I’ve lived in the world of my sexual fantasies for decades. There are times to put away the fantasy but first I must ask it why it was there in the first place. I’m seventy five years old. I’ve had enough sex in my life, with a number of partners. Men born in the forties and fifties grew up entitled, so they thought, to all the sex they could get. Turns out that things have changed and sex is no longer a perk of the boomer male. Sex is more complex because we became aware (some of us) to the fact that women have been treated with abominable cruelty, apparently forever. There is no style of feminism that comes close to redressing that injustice. I told my partner yesterday, “I’ve been so unfair to you.” It was true. My fantasies pulled me away from her. We are the same age. She doesn’t’ conform to the image. She’s a granma. Of what sexual use is she? I’ve deleted post menopausal women from my sex fantasy life.
SO… I’ve come to a decision to put away the fantasy. I’m not really horny any more. This issue, the transition OUT of sexuality, is difficult. I‘ve been slow to release it and give it to the process of my emotional maturation. There is an evolution to such feelings. They have to be owned and then governed from within. Honesty is required. This inner transformation takes time and help from our therapists and peers. It’s been something of a wild ride for me but things are settling down. I’m revising my identity. I am an elder. I have been motivated by a sense of my having new tools at my disposal. New insights. I had wanted to bring them into a relationship and that relationship already exists, with my partner and with my peers.
The fantasy of falling in love is powerful. It can be all enveloping, overwhelming. Its allure is its intoxication with a sensual element. Everyone wants those feelings of love: until they have them. Then, it is often a case of getting what you wished for and discovering its unintended consequences. A new vulnerability exists, and a new responsibility. Things are never that easy. Falling in love brings the possibility of confusion and devastating betrayal. It’s a simple formula: one cannot make someone else happy. Don’t look for love to complete you. Be complete. It sounds so simple. It isn’t; but it comes at the right time, when one has prepared the way for being complete.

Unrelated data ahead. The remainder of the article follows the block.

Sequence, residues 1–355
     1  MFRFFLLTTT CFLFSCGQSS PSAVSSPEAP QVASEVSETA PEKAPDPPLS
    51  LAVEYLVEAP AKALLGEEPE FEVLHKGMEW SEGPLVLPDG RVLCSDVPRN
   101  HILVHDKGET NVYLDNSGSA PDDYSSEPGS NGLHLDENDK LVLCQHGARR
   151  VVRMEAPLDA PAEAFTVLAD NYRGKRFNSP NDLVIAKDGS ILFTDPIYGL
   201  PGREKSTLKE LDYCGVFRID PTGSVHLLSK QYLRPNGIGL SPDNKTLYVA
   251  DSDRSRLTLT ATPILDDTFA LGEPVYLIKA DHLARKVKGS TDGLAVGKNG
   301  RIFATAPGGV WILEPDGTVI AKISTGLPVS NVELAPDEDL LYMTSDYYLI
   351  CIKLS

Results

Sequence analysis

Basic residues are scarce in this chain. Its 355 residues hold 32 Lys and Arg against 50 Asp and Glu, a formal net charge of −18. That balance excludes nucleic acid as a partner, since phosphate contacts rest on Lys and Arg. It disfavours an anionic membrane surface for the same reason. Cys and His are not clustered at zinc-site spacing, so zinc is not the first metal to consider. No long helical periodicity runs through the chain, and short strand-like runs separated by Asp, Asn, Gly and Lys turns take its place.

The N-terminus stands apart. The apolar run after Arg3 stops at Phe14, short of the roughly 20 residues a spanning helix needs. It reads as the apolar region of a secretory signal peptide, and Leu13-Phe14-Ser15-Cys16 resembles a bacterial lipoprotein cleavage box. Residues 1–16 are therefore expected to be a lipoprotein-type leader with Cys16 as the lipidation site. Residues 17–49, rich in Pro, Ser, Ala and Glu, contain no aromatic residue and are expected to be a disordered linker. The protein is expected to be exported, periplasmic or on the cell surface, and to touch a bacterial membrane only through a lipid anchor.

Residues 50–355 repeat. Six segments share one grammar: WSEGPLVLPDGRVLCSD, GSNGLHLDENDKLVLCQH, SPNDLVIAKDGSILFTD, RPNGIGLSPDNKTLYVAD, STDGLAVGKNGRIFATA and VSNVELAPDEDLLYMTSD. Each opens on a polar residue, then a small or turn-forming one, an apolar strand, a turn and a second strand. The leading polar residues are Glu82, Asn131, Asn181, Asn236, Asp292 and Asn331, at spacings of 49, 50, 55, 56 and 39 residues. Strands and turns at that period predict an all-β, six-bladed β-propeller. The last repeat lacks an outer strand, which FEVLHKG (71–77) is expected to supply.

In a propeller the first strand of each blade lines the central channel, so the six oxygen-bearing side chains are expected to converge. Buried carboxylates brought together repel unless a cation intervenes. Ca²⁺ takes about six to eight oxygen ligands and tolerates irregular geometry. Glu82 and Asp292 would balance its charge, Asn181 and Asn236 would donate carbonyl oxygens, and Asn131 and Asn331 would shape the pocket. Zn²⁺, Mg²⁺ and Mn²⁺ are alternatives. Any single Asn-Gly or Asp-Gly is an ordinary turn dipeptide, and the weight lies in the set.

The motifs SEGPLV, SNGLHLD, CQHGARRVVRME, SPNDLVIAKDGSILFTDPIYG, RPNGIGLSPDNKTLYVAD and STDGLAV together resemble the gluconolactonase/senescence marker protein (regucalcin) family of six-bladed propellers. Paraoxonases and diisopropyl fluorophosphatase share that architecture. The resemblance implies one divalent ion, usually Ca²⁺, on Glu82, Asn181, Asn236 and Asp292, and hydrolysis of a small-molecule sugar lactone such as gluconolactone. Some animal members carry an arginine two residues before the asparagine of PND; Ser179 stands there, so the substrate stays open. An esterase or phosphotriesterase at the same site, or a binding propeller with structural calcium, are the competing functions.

Arthur Rosch is a novelist, musician, photographer and poet. His works are funny, memorable and often compelling. One reviewer said “He’s wicked and feisty, but when he gets you by the guts, he never lets go.” Listeners to his music have compared him to Frank Zappa, Tom Waits, Randy Newman or Mose Allison. These comparisons are flattering but deceptive. Rosch is a stylist, a complete original. His material ranges from sly wit to gripping political commentary.
Arthur was born in the heart of Illinois and grew up in the western suburbs of St. Louis. In his teens he discovered his creative potential while hoping to please a girl. Though she left the scene, Arthur’s creativity stayed behind. In his early twenties he moved to San Francisco and took part in the thriving arts scene. His first literary sale was to Playboy Magazine. The piece went on to receive Playboy’s “Best Story of the Year” award. Arthur also has writing credits in Exquisite Corpse, Shutterbug, eDigital, and Cat Fancy Magazine. He has written five novels, a memoir and a large collection of poetry. His autobiographical novel, Confessions Of An Honest Man won the Honorable Mention award from Writer’s Digest in 2016.
More of his work can be found at www.artrosch.com
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